I certainly thought the walking people in the gardens unseparated from the jungle were at risk but nobody complained nor noticed but me. I happily jumped on the air conditioned tourbus and rode home making sure my feet did not touch anything but concrete till I got to my front yard. — Herman

(incidentally, I still have many pictures taken by Penny of our trip; only my inability to motivate my son to get them out of the computer and into your hands delays us)  TO TOP


Phil & Cassandra Watson: We have been to HK many times in the past, but always on business. So it was a real pleasure to play the tourist for a change and see something of HK other than of hotels lobbies, bankers conference rooms and lawyers offices. There was, of course, the added bonus of being able to travel with such a congenial group of fellow '62 classmates and spouses.

Hat's off to you and the other organizers of the reunion (Bill Stork and Jonathan Ater). It was a great combination of planned activities and flex time. The dinner at the Foreign Correspondents Club with the local Yale Club members was a real highlight, as was the architectural tour of HK proper.

I must honestly say that the only classmates that I immediately recognized were Bill Stork and Ken Luke. That's not to say that everyone didn't look extremely fit and just the same as they did 40 years ago (or as I would have guessed they looked). As one would expect, there were a lot of interesting stories of the post-Yale years from the attendees. My favorite was the thrilling account by one of our classmate of a UFO encounter, but we were disappointed that there were no reported abductions among the group.

Cassandra and I went on to Xian and Beijing after the reunion. I was last there in the late 70s, early 80s. Things have changed tremendously. Along with the benefits of a more modern society come the traffic jams and smog. I am presently working on a screenplay set in those locations (latest hobby), so I was able to do some research as well as take in the sights.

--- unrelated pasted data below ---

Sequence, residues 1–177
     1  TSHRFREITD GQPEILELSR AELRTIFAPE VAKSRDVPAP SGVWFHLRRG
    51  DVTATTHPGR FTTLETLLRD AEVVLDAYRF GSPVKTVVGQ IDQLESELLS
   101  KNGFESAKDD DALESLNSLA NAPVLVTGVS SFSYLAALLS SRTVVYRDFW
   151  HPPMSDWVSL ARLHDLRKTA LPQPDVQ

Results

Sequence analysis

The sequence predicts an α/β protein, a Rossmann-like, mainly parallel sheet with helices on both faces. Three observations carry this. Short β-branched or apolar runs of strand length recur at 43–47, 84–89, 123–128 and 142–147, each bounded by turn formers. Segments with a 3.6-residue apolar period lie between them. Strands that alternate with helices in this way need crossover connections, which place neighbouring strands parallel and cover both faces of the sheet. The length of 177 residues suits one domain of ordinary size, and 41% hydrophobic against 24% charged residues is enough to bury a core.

All in all, the HK mini-reunion was great fun. We are looking forward to the next reunion in New Haven and seeing everyone again at that event. — Regards. Phil & Cassandra Watson  TO TOP


Bill Williams: Whenever we attend a Yale reunion my wife always remarks that she has never met a nicer, friendlier, more considerate and more interesting group of people who are more comfortable to be with than my Yale classmates and their "significant others." This reunion, populated mostly by lawyers and engineers, was all that and more. I do not know who she has specifically in mind when she says "interesting" but I suspect it is Herm Pettegrove. I am not sure how anyone has ever gotten away with calling Pamela Anderson "frumpy" but somehow Herm got away with it and remained solidly in her good graces. I particularly enjoyed the panel presentation and the follow-up Q and A session with participants who know a great deal more about China than I will ever know. We are greatly indebted to Al, Bill, and Jonathan for pulling the reunion together and it remains a memorable occasion Pam and I will not soon forget.  TO TOP